The 2009 Utah legislative session is over. It was a non-election year and it allowed the Huntsman Administration and many legislators to show their true colors. Governor Huntsman and many state legislators clearly showed that their true priorities lay with illegal immigrants and that they could care less about anyone who is a victim of illegal immigrant-driven identity theft.
Despite a slowing economy and thousands of legal workers competing for jobs, the legislature declined to take action that would reduce Utah’s role as a magnet state for illegal aliens. Committees killed bills that would have limited the ability of illegal aliens to obtain business and professional licenses (HB262) and to register their vehicles (HB344).
The House killed a bill that would have required illegal aliens receiving in-state tuition to refrain from committing document fraud, perjury on I-9 forms and identity theft in order to pay for their tuition (HB208). Representative McIff, a former judge, gave an impassioned speech defending the right of illegal aliens benefiting from in-state tuition to commit felonies in order to pay for their tuition and he even compared the sponsor of the bill to George Wallace blocking the school house door. Forty Representatives agreed with McIff and voted to allow students illegally in the U.S. to continue committing felonies.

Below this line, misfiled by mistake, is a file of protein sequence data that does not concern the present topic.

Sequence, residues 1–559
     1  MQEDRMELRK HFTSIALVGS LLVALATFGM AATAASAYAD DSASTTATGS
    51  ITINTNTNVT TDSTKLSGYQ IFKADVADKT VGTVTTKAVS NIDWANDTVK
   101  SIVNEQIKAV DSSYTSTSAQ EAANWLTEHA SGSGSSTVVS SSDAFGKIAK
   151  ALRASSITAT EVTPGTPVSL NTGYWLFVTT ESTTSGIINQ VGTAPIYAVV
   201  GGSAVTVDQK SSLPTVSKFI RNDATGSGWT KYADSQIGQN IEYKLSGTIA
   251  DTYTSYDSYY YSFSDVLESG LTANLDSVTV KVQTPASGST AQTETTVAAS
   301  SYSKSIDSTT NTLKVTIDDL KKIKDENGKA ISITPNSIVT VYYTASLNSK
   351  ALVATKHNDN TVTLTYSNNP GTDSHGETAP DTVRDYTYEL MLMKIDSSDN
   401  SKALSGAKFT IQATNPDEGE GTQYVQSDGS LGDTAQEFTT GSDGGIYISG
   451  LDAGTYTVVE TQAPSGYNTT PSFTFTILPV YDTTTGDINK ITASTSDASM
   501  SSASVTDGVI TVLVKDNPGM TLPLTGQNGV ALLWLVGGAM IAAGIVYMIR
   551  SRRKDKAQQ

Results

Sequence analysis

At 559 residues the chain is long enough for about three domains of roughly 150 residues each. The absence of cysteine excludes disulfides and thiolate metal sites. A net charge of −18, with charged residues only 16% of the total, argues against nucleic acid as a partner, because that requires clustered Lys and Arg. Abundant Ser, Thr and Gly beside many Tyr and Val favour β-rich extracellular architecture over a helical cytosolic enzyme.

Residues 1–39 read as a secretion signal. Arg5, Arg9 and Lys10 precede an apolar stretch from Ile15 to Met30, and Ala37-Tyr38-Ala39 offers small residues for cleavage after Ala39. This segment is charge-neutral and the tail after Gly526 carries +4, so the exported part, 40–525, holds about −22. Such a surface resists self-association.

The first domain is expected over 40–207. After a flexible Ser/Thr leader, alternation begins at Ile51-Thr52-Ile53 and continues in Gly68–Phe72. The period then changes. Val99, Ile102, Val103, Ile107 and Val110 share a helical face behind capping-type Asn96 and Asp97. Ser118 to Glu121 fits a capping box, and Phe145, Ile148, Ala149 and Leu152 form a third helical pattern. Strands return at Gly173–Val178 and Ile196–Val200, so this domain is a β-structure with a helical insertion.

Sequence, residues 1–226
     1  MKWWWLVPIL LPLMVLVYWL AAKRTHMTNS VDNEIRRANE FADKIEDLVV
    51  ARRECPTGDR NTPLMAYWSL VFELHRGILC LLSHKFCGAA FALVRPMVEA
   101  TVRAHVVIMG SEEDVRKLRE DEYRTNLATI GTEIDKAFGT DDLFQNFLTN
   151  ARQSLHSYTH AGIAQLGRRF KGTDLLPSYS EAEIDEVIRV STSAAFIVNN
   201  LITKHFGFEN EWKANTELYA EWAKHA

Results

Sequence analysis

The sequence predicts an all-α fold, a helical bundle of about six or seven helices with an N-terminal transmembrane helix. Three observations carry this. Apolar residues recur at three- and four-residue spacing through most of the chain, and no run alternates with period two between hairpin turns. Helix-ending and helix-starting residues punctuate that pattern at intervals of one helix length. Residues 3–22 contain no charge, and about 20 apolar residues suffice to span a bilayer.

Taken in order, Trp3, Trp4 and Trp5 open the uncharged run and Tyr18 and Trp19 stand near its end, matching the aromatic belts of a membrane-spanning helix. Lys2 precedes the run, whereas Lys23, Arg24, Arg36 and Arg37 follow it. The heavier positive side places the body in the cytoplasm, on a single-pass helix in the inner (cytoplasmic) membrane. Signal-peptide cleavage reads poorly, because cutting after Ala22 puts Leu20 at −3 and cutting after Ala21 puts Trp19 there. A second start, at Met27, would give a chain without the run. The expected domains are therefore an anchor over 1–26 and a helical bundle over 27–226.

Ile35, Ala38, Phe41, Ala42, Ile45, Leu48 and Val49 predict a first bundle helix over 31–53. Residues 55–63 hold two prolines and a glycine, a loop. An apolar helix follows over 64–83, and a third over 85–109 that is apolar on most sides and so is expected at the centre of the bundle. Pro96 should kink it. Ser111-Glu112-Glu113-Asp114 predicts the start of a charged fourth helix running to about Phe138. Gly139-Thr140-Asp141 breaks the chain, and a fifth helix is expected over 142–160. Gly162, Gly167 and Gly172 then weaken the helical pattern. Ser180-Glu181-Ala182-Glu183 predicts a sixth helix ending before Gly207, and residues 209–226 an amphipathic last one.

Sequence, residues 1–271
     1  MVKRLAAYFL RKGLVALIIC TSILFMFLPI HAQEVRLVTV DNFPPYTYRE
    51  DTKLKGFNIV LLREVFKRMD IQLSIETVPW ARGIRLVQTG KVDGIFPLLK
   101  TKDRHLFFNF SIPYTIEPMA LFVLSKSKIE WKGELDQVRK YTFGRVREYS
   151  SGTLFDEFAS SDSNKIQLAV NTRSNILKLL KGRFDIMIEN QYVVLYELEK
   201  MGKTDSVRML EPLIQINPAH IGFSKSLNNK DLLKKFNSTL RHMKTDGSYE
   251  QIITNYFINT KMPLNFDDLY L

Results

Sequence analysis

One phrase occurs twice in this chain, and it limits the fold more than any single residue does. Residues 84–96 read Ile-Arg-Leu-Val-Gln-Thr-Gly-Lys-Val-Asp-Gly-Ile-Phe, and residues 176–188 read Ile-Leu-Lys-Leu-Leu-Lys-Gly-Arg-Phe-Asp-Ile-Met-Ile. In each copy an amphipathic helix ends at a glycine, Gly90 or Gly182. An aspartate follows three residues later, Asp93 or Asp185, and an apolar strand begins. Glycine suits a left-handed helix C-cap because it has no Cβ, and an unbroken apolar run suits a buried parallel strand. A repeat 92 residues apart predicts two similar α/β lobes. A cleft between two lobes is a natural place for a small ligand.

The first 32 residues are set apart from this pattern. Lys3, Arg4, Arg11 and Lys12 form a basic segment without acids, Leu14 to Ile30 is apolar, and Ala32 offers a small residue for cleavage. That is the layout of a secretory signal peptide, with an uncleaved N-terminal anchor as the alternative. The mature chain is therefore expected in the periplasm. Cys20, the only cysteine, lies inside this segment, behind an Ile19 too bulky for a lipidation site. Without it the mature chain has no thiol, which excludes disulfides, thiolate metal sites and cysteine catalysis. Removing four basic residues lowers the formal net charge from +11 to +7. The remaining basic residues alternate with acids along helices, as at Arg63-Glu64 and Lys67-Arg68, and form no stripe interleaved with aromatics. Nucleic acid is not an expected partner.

In order to preserve benefits for illegal aliens, the Huntsman administration attached fiscal notes to the bill that would have rescinded the driving privilege card for illegal aliens (HB137). The Administration also slapped a fiscal note on the in-state tuition bill (HB208) just in case it passed the House. During a year of budget cuts, these were designed to make sure the bills did not pass even if the legislature had voted for them.
Both houses of the legislature approved the Salt Lake Chamber backed Concurrent Resolution Requesting a Federal Waiver to Establish an Employer-sponsored Work Program in spite of the fact that the Chamber’s program was an amnesty program for illegal aliens in Utah and made it less expensive to foreign workers than to hire American workers. Governor Huntsman quickly signed the Resolution showing that he too supports amnesty and creating incentives to hire foreign workers over American workers.
The only exception to this pattern of support for illegal aliens may be HB64, but that all depends on how “major felony” is interpreted. Personally, judging by the Legislature’s and Governor’s positions, I do not believe employment-related identity theft will be included in the definition.
I would urge that voting records be reviewed as there are several good legislators on this issue who should be supported.
Finally, remember, this is a non-election year and this is the record that should be looked at and remembered for the election. Do not be fooled by their actions in the 2010 legislative session as it will be insincere, election-year pandering.